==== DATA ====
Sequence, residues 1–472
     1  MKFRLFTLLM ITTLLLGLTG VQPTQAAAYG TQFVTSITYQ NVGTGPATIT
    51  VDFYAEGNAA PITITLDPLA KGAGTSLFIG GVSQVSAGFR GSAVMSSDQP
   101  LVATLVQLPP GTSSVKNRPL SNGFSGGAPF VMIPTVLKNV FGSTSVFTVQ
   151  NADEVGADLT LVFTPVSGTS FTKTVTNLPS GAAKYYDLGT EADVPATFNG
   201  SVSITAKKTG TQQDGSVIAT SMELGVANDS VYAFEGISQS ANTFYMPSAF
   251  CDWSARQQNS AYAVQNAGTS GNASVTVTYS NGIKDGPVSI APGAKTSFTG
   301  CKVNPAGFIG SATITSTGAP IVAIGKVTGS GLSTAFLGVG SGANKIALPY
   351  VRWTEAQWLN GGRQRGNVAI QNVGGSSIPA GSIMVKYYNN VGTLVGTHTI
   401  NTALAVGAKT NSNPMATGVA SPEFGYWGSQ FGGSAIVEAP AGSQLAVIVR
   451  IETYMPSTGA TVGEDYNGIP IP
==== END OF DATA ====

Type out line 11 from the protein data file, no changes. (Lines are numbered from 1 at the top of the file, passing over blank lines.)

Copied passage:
   451  IETYMPSTGA TVGEDYNGIP IP